Organized Panel Session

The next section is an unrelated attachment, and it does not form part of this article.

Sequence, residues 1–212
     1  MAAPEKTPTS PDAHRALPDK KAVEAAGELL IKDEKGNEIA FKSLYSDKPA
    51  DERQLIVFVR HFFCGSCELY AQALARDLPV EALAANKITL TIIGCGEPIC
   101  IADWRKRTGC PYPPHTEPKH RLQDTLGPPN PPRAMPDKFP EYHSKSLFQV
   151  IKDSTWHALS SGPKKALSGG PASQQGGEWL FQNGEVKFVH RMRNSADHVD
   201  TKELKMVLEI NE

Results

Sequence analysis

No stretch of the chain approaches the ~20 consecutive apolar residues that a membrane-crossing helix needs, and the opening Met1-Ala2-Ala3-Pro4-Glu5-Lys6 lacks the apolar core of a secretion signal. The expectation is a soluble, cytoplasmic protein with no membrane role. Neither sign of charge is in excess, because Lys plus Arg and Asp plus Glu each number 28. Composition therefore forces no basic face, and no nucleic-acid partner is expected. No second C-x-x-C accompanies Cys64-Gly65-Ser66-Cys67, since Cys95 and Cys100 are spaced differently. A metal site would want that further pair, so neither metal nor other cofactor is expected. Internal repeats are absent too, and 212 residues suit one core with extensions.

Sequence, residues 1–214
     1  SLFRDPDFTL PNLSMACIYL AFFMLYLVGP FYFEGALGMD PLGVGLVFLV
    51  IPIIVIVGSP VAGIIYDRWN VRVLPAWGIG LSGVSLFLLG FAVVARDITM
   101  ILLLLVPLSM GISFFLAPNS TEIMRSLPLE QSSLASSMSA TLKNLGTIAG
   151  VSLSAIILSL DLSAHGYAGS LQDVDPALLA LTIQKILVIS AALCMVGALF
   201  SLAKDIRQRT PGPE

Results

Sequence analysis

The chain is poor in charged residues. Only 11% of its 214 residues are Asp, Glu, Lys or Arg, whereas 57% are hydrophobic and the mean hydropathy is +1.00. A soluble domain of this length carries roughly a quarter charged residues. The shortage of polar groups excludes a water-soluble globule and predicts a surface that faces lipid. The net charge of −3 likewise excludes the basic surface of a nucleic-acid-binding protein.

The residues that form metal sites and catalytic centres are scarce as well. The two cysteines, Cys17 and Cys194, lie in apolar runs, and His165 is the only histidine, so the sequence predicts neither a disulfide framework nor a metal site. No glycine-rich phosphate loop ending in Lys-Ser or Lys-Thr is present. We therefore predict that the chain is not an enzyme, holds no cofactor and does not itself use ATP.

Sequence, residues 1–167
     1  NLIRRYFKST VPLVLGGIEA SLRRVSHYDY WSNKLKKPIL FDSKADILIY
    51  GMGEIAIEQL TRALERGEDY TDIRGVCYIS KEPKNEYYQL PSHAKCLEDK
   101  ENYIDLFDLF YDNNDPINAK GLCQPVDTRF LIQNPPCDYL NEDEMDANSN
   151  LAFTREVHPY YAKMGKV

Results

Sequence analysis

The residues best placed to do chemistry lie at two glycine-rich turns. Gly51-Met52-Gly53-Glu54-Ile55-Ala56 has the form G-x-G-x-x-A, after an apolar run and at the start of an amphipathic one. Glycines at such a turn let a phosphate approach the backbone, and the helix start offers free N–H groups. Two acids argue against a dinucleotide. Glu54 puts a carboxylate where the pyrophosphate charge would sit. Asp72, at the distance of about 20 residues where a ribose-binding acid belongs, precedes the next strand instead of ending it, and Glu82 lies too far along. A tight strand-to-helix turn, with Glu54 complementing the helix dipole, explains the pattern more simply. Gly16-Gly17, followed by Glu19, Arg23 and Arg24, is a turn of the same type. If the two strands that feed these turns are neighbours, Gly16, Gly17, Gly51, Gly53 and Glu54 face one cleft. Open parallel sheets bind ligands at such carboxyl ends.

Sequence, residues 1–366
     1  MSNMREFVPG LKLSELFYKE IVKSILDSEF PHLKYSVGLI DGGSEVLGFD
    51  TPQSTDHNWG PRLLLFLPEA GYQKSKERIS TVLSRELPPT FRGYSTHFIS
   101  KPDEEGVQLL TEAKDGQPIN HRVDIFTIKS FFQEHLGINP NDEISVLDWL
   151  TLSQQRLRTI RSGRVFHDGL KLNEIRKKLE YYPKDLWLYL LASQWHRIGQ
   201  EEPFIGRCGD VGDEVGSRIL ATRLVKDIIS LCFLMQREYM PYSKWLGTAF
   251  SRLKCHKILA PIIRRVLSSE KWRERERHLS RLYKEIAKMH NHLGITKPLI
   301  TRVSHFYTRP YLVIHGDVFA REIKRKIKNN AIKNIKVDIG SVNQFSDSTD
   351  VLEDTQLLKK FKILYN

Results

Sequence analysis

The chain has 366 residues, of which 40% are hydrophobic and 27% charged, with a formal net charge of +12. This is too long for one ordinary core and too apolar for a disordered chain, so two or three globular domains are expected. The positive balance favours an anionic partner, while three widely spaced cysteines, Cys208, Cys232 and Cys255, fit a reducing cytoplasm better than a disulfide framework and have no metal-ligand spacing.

In Malay, “bangsa” denotes both “nation” and “race,” a controversial concept ripe for sloganeering in Malaysia’s political landscape. The term bangsa Malaysia entered contemporary political discourse in the 1990s when current and former prime minister, Mahathir Mohamad, instituted the Bangsa Malaysia Policy. Touted as a more inclusive version of the previous National Culture Policy, it remained contentious by privileging majority Malay groups, i.e., bangsa Melayu (Malay), over Malaysia’s diverse population—symbolically and through affirmative action legislation. This panel explores how bangsa Malaysia is revised and reconstructed through a performance lens, focusing on themes of gender, race, nation, and how state/religious authorities police these intersectional categories. Each paper demonstrates the diversity of Malay expression, dispelling notions of homogeneity propounded through concepts like bangsa Malaysia. The first paper traces these themes in relation to the national pop icon, Sudirman (1954-1992), who used the cultural capital of Malay folk songs to subtly transcend Malay hegemony and subvert traditional understandings of gender and sexuality. The second paper shows how the dance drama, mak yong, complicates notions of Malay Muslim piety and state-sanctioned “national” arts. The third paper considers how extravagant state-sponsored displays of heritage work against stereotypical understandings of a “gentle” Malay aesthetic while at the same time reframing gender and racial norms. The last paper analyzes a relatively recent (1960s) revitalization of gendang silat (martial arts drumming), reflecting how ideas of Malay Muslim culture and identity were transforming in the national imagination well before the bangsa Malaysia slogan became part of mainstream politics.